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Manhattan apartment sales drop in fourth quarter, brokers fear frozen market

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Craig Warga | Bloomberg | Getty Images

Manhattan apartment sales fell 29% in the fourth quarter, sparking fears of a frozen market where buyers and sellers are sidelined by economic and rate fears.

There were 2,546 sales for the quarter, down from 3,560 a year ago, according to a report by Douglas Elliman and Samuel Miller. The drop was the biggest since the third quarter of 2020, during the height of the pandemic.

Prices also fell for the first time since the start of 2020, with the average price down 5.5%.

The dips in sales and prices mark the end of Manhattan’s real estate boom after the worst days of the pandemic and raise fears of continued weakness into the new year. Rising interest rates, a weaker economy and a slumping stock market, which have an outsized impact on the Manhattan housing market, are likely to weigh on the market this year.

Analysts say their biggest concern is a prolonged standoff between buyers and sellers – with sellers reluctant to list amid plunging prices and buyers halting their pursuits until prices fall further.

“I can see the market moving sideways, with some modest declines in some sectors,” said Jonathan Miller, CEO of Miller Samuel, a market research and valuation firm. “And it could weaken further if there is a scenario of recession and job losses.”

Even as prices and sales drop, however, inventory remains tight as sellers delay listings. There were 6,523 apartments on the market at the end of the fourth quarter, according to the report, up just 5% from last year, but still well below the historical average of around 8,000. Without a big increase in inventory, analysts say prices likely won’t drop enough to lure back many buyers hoping for discounts. The average discount from the initial list price to the selling price was 6.5%, compared to 4.1% in the third quarter, according to Serhant.

Rising interest rates also prompted more Manhattan shoppers to take cash deals, which accounted for 55% of all sales in the fourth quarter, the most on record, according to Miller.

As with much of the recovery, the high-end and luxury segment remains the strongest. Average sale prices for luxury apartments — defined as the top 10% in the market — rose 4% in the fourth quarter, compared with a decline in the broader Manhattan market. Average prices for luxury apartments are up 21% from 2019, double the increase in the broader market.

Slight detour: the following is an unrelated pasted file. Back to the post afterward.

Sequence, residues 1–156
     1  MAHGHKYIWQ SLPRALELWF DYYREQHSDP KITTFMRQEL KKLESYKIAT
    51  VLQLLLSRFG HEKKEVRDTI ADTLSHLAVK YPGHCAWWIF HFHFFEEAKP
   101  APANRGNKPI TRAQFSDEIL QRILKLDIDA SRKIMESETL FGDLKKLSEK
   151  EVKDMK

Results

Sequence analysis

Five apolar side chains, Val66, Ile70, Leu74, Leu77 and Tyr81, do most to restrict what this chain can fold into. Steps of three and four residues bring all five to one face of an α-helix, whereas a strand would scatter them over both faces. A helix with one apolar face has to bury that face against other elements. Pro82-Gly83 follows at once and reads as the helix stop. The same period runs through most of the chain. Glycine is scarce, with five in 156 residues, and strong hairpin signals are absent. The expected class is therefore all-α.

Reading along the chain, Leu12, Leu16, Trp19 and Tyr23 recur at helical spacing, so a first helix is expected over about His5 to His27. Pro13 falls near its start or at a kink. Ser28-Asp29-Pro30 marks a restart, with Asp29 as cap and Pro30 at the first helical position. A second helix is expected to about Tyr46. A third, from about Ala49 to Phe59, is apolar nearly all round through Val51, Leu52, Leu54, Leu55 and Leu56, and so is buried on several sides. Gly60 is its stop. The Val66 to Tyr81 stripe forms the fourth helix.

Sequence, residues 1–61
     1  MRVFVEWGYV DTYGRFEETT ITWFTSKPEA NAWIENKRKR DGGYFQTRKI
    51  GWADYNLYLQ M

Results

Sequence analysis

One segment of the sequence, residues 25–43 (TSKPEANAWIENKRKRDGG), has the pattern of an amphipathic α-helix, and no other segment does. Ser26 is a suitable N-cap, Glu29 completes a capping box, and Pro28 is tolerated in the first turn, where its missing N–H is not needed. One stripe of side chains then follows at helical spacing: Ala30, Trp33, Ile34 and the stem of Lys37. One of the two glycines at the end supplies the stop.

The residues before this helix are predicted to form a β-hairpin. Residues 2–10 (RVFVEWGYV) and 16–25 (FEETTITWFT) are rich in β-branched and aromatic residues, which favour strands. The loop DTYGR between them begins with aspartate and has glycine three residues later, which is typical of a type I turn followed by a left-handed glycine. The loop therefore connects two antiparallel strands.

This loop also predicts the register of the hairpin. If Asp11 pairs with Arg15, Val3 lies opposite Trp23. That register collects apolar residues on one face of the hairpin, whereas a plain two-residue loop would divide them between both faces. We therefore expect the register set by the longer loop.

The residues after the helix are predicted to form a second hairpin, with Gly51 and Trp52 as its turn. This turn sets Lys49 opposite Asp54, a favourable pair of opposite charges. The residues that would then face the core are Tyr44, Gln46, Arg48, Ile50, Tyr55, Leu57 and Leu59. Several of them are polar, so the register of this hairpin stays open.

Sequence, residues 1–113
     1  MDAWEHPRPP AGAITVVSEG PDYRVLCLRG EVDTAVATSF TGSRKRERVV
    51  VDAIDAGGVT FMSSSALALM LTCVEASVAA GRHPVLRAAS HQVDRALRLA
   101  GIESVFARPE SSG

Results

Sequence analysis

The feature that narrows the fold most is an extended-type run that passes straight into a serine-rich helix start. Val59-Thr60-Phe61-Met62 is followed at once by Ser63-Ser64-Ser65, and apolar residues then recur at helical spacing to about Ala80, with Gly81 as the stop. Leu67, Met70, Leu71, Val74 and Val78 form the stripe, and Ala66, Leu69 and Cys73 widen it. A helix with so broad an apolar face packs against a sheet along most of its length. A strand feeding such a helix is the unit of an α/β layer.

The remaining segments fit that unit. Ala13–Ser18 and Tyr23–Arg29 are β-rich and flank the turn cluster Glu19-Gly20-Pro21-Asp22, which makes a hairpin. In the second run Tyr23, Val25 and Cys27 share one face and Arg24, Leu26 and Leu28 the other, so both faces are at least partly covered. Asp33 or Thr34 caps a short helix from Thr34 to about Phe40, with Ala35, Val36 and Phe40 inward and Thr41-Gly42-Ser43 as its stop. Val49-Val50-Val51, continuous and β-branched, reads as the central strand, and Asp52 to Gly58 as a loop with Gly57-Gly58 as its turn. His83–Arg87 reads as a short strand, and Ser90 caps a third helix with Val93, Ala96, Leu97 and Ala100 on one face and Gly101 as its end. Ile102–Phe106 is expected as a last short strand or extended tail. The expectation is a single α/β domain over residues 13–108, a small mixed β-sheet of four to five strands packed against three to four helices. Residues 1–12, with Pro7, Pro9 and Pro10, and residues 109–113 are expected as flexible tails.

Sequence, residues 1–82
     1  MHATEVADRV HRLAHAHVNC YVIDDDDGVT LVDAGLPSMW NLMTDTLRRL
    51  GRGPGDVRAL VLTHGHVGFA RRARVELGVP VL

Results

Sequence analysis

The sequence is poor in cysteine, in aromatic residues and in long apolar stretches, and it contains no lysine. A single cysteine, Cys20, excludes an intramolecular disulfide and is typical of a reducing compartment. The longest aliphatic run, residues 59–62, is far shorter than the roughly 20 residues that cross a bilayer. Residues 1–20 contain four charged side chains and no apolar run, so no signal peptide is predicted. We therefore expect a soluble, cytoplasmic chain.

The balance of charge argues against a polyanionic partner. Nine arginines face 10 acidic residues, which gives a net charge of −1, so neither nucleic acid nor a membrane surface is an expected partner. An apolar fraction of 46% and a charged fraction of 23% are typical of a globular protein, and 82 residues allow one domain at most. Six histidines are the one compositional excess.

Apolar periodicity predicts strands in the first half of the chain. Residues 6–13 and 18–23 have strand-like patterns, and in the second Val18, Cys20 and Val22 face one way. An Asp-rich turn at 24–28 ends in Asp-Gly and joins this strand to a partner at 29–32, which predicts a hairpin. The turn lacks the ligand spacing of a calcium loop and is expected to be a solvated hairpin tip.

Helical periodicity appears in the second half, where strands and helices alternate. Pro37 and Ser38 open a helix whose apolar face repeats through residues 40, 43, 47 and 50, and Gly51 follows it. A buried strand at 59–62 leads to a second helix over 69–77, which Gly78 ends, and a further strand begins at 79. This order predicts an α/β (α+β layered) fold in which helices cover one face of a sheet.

Perspectives for 2023

The pipeline of deals in progress or recently signed suggests a sluggish first quarter. Only 2,312 contracts were signed in the fourth quarter, down 43% from last year, according to Brown Harris Stevens. The quarter was the worst for new contracts signed in a decade, according to a Serhant report.

“Contracts signed are a timely indicator of demand and have registered one of the slowest completions since 2008,” according to Brown Harris Stevens.

Brokers, however, say they remain bullish and many are predicting an upside surprise in 2023 as rates stabilize and buyers find opportunities in a weaker market. John Gomes, co-founder of Douglas Elliman’s Eklund Gomes team, said December was “on fire” with an end-of-year business frenzy.

“It really caught us off guard,” he said. “Things really changed in December.”

Gomes said a buyer paid $20 million for a Greenwich Village townhouse that wasn’t even for sale. He said a property investor had made offers for four separate apartments in new developments “that look like they’ll be accepted today.”

Ian Slater of Compass said there was a big “disjunction” in the market in August and September, with a big split between buyers and sellers and the market started to weaken. “Now I’m seeing buyers accept interest rates as the new normal and feel more comfortable buying — or at the very least, that prices aren’t falling.”

Gomes said that one of the reasons for the boom in December is foreign buyers, who started returning to the city in December. With the dollar weakening slightly and travel restrictions tightening around the world, brokers say buyers from the Middle East and China have returned in December.

Brokers say buyers are also using cash to avoid higher interest rates and take advantage of lower prices. And developers with new apartment buildings on the market are slashing prices to get rid of unsold apartments.

“Developers are being realistic, they are making concessions on pricing and closing costs,” he said. “I feel optimistic about next year.”